As the CEO of Accion Texas, Janie Barrera has plenty of lending success stories to tell. There’s the Colombian woman in Dallas who launched a translation business, and today counts the likes of 3M and Southwest Airlines as clients. Or the African-American man in Houston whose idea of leasing beds to nursing homes was met with skepticism by traditional banks and today is doing well. She also has some odd tales to share, including the one about the woman in southern Texas who pledged goats as collateral for a small loan to start a restaurant. “The next time I visited her, I asked to see the goats,” Barrera recalls. “She said, ‘What do you mean? We used them for lunch.’”

The underlying theme among Accion Texas’ clients is that they tend to be on the fringe of society, entrepreneurial people with poor credit scores or missing credit histories—many are recent immigrants—who bankers don’t want to touch. That’s fine by Barrera, whose nonprofit microfinance institution, or MFI, seeks them out, offering not only small-business loans but also credit and business-development counseling.

Accion Texas doesn’t turn a profit—no MFI in the United States does. Even so, its model, complete with a proprietary lending scorecard based on experiences with past borrowers, is compelling enough that Citigroup recently agreed to buy up to $30 million in excess loan production over the next three years. Accion Texas “is serving a whole client segment that we otherwise wouldn’t be able to reach,” says Robert Annibale, Citi’s London-based head of microfinance. “They are demonstrating that small entrepreneurs in the United States who are offered the right products can thrive.” Says Barerra: “We’re proving that you can create a quality, investment-grade portfolio” from borrowers that banks traditionally shun. “That’s very rewarding.”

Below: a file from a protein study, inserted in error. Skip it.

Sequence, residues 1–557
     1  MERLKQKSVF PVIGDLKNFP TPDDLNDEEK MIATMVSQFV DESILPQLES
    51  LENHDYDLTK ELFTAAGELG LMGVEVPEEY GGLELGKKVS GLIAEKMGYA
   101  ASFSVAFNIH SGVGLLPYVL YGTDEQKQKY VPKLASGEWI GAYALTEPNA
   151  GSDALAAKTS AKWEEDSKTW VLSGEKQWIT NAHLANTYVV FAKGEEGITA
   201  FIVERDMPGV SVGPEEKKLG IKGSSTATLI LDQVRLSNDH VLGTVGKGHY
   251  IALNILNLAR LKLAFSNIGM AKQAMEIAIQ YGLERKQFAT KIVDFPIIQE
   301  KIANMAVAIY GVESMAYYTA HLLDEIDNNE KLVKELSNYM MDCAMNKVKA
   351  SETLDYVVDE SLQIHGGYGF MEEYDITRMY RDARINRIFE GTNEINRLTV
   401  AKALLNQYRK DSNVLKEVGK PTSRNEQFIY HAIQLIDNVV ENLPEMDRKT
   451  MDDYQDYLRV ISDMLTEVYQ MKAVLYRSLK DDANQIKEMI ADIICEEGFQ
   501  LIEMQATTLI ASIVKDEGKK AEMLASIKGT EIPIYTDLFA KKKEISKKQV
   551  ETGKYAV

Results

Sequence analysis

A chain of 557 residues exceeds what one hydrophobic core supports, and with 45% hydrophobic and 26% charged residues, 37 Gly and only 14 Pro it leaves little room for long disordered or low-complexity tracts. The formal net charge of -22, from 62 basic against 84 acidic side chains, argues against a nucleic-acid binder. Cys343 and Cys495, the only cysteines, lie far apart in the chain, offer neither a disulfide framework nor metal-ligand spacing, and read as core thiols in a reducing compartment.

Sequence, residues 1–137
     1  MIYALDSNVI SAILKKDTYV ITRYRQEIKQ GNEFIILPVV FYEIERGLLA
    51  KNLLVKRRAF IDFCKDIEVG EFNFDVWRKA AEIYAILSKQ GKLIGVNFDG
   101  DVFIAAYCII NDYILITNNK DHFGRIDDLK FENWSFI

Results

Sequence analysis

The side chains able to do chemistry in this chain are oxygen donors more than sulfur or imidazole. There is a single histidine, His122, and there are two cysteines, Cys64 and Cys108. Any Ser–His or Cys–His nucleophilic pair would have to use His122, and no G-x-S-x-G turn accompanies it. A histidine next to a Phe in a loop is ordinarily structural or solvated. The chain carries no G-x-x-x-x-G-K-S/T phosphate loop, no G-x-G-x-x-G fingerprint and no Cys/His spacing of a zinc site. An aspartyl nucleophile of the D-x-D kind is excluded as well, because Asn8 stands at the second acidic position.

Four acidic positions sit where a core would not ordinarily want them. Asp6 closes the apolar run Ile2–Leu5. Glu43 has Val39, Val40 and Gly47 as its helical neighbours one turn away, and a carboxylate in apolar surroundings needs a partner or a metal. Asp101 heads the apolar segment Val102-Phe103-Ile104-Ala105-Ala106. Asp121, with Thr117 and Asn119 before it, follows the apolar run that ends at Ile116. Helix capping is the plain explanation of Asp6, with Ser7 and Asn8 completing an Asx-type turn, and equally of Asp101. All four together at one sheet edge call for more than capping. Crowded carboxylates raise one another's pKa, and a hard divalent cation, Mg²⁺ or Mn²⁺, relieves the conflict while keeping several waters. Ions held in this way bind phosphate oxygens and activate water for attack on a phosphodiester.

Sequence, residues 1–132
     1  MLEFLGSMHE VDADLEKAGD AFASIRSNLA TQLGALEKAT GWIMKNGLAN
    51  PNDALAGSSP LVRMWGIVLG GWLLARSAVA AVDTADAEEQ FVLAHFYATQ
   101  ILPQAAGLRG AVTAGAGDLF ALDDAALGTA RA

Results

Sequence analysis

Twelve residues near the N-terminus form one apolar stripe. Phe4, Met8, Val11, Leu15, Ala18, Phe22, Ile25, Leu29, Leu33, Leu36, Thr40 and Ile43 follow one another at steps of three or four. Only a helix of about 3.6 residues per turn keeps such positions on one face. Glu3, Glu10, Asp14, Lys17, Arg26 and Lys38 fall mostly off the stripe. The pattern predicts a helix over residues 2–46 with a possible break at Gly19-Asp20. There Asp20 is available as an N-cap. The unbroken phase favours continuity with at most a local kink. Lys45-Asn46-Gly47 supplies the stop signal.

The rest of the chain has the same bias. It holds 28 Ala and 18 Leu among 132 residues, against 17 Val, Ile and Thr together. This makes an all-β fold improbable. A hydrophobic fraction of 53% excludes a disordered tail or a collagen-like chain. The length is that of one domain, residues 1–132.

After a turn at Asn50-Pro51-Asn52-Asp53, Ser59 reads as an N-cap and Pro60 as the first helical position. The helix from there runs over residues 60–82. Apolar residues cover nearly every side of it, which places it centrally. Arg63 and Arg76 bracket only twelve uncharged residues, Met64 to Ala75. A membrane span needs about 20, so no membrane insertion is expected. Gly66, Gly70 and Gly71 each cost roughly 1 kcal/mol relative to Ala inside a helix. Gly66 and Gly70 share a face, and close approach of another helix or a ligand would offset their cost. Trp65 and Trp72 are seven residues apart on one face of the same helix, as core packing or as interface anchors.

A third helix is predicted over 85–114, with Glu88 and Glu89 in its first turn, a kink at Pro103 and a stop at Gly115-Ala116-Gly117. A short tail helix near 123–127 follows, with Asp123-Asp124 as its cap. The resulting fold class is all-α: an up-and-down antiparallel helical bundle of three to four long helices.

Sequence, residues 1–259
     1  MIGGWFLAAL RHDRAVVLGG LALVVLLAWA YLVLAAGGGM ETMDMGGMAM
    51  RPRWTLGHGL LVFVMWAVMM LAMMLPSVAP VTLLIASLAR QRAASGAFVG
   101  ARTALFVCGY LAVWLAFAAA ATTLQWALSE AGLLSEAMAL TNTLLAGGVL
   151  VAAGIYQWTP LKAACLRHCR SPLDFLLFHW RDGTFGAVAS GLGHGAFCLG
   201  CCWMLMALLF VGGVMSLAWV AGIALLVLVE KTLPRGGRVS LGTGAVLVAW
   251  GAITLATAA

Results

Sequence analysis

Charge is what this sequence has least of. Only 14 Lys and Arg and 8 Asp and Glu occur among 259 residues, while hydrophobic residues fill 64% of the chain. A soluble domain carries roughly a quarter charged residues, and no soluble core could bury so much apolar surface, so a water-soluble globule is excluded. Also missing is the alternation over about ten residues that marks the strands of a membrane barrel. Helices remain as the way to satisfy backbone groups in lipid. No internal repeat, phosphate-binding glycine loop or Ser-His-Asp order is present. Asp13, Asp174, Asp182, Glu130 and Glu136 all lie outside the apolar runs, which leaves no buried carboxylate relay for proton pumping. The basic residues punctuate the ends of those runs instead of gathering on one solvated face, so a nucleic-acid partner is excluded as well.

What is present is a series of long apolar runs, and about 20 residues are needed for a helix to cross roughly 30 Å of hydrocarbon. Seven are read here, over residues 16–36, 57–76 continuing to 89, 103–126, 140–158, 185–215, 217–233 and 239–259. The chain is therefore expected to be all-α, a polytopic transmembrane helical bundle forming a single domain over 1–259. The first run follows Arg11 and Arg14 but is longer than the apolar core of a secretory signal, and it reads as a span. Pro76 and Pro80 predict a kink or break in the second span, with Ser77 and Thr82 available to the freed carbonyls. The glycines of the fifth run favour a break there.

Successes, like everything else in the microfinance world, are relative. Accion Texas is one of the largest MFIs in the country, yet its $21 million loan portfolio looks tiny compared to most any U.S. bank—and next to the global microfinance market, which counts an estimated $30 billion in small-business loans outstanding and is growing by double-digit percentages annually. In Bangladesh alone, three giant MFIs each boast some 7 million customers. In the States, by contrast, roughly 260 MFIs originate just 15,000 loans per year, according to Elaine Edgcomb, director of microenterprise research for the Aspen Institute in Washington, D.C.

Chalk it up to the complexity of the U.S. financial system, with its relative abundance of financing alternatives, tougher regulation and culture. MFIs globally charge interest rates that average about 30 percent, a figure that would be considered usurious at home. And for all the talk of U.S. entrepreneurship, most Americans “would rather work for Wal-Mart or some other big company than compete against it,” says Jonathan Morduch, a New York University economics professor who tracks microfinance activities.

“Strong microfinance companies in south India add one customer every 10 minutes. For most American MFIs, getting 100 new customers a year is really good,” Morduch adds. “It will never be the big phenomenon here that it is elsewhere.”